Exploring the genomes of half-forgotten and heirloom apple varieties could help to ensure the future of the incomparable fruits.
When Jude Schuenemeyer picked the apple up off the ground in December 2017, he wondered whether his two-decade search was over. It was a firm winter apple, orange in colour with a distinctive ribbed shape and wider than it was tall. “We knew right away that we had never seen it before,” Schuenemeyer says.
He and his wife, Addie, started the Montezuma Orchard Restoration Project in 2008 to find and revive endangered heirloom apple varieties. The horticulturalists, based in Cortez, Colorado, had made a few discoveries, but there was one coveted variety that had eluded them: the Colorado Orange. Once a popular apple in the western United States, it had essentially disappeared by 1900. And although the Schuenemeyers had chased a few false leads in the past, this apple — from an almost-dead tree on a private piece of land near Cañon City — looked promising. Continue reading at Nature Magazine…
By Christopher Kemp, October 17, 2023
MORP Seeks Apples to Buy
Do you have ripe apples that meet the criteria below? If so, please let Montezuma Orchard Restoration Project know! We are using the apples for pasteurized juice boxes so health regulations apply.
For Apples that YOU pick:
- Harvest from tree or shake onto clean tarp. No ground falls allowed.
- Apples must be clean – free of dirt, manure, leaves, twigs, or rot, and harvested into clean boxes or crates (see our Harvest Lending Supplies). Do not harvest where there is fresh manure and livestock. Follow GAP practices.
- We will pay $8/bushel for quantities of 20 bushels or more that you pick and deliver to the Orchard Hub (see directions below) per season. For quantities less than 20 bushels we will gratefully accept donations.
For Apples that WE Pick:
- Reach out to us if you have an estimated crop of 20 bushels or more and have an orchard that is free from livestock and fresh manure. Please rotate livestock out of orchard well ahead of harvest season.
- MORP will pay $4/bushel for apples that we pick that meet the health regulations described in the YOU pick section above. We are limited on the number of orchards that we can pick per season so reach out to us as soon as you know you have a crop for an increased opportunity to schedule your orchard in.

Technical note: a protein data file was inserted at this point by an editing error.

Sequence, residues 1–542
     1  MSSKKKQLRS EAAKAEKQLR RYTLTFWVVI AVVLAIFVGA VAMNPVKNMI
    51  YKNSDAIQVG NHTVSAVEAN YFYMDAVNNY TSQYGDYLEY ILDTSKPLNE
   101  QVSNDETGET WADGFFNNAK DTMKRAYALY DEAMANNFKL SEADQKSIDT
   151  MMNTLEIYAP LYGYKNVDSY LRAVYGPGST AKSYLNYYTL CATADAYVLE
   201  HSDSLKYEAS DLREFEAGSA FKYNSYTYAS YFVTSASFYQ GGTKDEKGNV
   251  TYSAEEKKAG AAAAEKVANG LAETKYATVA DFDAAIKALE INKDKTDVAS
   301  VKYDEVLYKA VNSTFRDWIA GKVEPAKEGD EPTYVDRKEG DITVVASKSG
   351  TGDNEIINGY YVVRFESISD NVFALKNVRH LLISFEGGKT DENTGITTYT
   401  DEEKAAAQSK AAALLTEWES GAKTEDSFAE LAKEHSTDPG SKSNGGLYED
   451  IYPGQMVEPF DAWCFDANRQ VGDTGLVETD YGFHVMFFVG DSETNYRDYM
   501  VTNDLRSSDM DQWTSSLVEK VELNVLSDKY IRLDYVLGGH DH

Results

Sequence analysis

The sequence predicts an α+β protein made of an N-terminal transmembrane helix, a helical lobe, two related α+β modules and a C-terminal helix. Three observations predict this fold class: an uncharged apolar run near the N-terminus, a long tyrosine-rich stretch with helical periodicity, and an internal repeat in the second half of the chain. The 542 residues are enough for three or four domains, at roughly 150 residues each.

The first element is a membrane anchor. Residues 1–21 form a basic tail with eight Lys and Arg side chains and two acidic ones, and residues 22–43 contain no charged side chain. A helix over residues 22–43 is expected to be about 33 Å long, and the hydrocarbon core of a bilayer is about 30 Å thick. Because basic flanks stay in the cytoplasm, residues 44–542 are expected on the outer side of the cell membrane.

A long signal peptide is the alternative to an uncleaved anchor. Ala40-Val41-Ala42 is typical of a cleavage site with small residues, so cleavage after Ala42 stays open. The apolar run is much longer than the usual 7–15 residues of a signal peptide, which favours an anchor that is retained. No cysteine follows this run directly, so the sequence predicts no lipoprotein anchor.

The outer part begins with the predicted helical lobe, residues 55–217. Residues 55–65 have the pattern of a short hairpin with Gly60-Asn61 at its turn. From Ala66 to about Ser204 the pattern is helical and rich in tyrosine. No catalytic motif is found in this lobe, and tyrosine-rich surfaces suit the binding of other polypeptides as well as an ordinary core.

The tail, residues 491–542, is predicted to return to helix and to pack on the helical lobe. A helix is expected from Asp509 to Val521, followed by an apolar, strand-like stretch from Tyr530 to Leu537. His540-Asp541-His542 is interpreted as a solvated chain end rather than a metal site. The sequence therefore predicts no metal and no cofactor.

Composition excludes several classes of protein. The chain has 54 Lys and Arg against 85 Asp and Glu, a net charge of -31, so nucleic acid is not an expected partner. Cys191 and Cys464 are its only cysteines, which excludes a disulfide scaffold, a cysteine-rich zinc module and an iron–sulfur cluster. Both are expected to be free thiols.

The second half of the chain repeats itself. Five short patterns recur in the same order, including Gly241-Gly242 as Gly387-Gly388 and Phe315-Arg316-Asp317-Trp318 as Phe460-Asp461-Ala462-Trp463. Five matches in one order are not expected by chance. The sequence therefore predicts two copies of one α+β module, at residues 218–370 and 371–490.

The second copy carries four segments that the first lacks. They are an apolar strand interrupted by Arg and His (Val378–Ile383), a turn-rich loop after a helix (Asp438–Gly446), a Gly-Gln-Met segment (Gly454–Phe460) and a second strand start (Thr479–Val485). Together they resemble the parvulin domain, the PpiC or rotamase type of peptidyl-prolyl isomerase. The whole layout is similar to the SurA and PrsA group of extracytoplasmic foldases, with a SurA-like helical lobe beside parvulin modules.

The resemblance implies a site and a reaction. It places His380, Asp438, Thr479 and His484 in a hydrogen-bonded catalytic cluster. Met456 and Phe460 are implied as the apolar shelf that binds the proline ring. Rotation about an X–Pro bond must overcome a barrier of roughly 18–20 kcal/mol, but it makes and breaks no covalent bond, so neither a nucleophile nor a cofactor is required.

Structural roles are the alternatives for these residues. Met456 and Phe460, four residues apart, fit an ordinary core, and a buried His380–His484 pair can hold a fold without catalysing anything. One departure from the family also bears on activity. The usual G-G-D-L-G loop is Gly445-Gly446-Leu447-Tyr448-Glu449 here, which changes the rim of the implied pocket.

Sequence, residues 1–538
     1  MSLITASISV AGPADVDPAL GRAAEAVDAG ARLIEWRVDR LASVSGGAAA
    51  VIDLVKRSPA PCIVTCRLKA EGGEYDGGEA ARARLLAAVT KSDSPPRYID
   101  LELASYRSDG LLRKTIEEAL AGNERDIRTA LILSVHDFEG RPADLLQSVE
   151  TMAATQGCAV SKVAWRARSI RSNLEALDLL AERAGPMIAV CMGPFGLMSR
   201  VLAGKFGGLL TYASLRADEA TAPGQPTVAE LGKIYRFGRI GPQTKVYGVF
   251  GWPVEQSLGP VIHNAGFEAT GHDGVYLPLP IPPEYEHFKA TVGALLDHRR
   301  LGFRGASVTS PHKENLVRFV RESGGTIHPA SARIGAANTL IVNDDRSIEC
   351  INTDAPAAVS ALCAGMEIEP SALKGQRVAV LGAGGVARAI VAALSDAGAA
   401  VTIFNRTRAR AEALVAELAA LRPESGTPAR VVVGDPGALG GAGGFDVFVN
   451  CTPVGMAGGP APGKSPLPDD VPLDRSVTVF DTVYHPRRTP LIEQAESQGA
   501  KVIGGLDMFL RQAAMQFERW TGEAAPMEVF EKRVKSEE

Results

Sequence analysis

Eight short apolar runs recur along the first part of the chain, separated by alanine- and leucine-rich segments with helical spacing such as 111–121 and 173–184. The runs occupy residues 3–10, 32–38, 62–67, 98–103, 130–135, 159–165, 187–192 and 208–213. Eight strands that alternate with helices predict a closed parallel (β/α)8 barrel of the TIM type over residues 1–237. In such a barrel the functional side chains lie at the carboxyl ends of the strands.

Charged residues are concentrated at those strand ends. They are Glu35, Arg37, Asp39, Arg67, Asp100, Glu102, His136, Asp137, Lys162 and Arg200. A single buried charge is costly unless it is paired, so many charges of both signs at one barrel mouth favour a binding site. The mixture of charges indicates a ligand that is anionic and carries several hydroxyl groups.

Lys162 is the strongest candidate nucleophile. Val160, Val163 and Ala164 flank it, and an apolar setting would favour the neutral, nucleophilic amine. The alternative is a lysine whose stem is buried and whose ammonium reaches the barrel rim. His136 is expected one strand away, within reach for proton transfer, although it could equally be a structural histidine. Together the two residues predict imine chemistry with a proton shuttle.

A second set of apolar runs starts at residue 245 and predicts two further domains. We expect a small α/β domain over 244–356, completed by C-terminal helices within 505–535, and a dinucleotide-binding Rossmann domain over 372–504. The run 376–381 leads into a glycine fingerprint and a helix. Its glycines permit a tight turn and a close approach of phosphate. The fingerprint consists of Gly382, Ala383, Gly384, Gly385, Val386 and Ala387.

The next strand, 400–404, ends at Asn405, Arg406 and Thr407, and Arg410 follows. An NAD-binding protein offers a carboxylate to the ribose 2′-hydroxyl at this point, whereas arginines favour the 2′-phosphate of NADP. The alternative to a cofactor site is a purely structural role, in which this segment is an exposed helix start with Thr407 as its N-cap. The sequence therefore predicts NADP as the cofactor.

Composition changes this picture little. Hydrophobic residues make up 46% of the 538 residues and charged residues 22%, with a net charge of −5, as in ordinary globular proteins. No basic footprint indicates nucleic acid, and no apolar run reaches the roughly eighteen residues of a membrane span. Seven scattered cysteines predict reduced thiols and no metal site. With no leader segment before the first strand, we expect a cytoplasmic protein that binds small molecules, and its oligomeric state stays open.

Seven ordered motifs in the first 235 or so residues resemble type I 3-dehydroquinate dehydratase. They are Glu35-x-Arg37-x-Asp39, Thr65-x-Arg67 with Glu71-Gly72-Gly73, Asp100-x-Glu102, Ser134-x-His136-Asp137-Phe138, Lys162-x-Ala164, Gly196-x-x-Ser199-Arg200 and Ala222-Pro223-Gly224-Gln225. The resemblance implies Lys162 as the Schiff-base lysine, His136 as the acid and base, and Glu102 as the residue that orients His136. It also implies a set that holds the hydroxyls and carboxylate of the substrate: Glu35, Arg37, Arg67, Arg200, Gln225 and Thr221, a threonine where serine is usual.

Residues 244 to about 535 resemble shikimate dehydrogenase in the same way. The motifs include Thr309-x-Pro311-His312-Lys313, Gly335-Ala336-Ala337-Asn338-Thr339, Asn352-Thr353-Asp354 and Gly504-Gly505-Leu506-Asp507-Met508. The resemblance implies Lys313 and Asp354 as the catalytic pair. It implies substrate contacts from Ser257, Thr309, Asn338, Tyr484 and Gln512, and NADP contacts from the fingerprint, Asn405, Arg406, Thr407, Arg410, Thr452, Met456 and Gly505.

Community Juicing Day
Bring your apples and let us turn them into juice on Community Juicing Day! Or do you simply want to purchase juice and do not necessarily have apples to bring? Either way, please join us at the Orchard Hub!
Mobile Juicing Service
Have 20 bushels of apples or more? Consider scheduling our mobile juicing service.
Harvest Lending Supplies
Do you need crates or bins to more easily participate in any of the above activities? Please go here to reserve supplies. Our harvest lending supplies program is made possible with support from the LOR Foundation.
Directions to Orchard Hub
Directions to Orchard Hub: 13729 (formerly 13751) Road 29, Dolores, Colorado : THIRD DRIVEWAY ON THE WEST SIDE OF ROAD NORTH OF SOUTHWEST SEED. Please schedule in advance or visit during scheduled event.
A century ago, the apple boom was in full swing in Montezuma County.
The home of Mesa Verde in southwestern Colorado had a high enough elevation and dispersed enough orchards to stave off the codling moth that decimated apple trees on the Front Range and Western Colorado in the late 1800s and early 1900s.
At the peak, there were about 5,000 acres of orchards in Montezuma County, producing several million bushels of apples a year. As of the early 2000s, the county’s apple acreage had dwindled to a little more than 100. Continue reading at Thirst Colorado...
BY ERIC PETERSON, August 14, 2023
February is upon us and we turn from a love letter to one place, to a labor of love in conserving some of the fruits of human’s labors in many places on earth – apples. We’re in conversation with Jude Schuenemeyer, who with his wife Addie has spent decades discovering, researching, documenting, protecting, restoring, and propagating the rich diversity of heritage apple varieties in Colorado’s southwestern-most Montezuma county.
The diversity of apple genetics in this region traces back 150 years or more, and as apple tree pruning, and apple scion wood selection, and grafting seasons are all upon us, Jude is with us this week to share more about how The Montezuma Orchard Restoration Project ( affectionately referred to as MORP) is preserving historic orchards and simultaneously cultivating food, economic, and environmental strength in their region. Listen to the podcast at Cultivating Place…
By Jennifer Jewell | January 2, 2023
MORP Email Campaign Arhive
11/2/2020 Orchards and Prohibition burn-them-a-myth-of-cider-orchards-and-prohibition
12/9/2019 Rediscovery of the Colorado Orange Apple the-elusive-colorado-orange-historic-watercolors-and-a-saved-wax-apple-collection
Pure & Local Apple Juice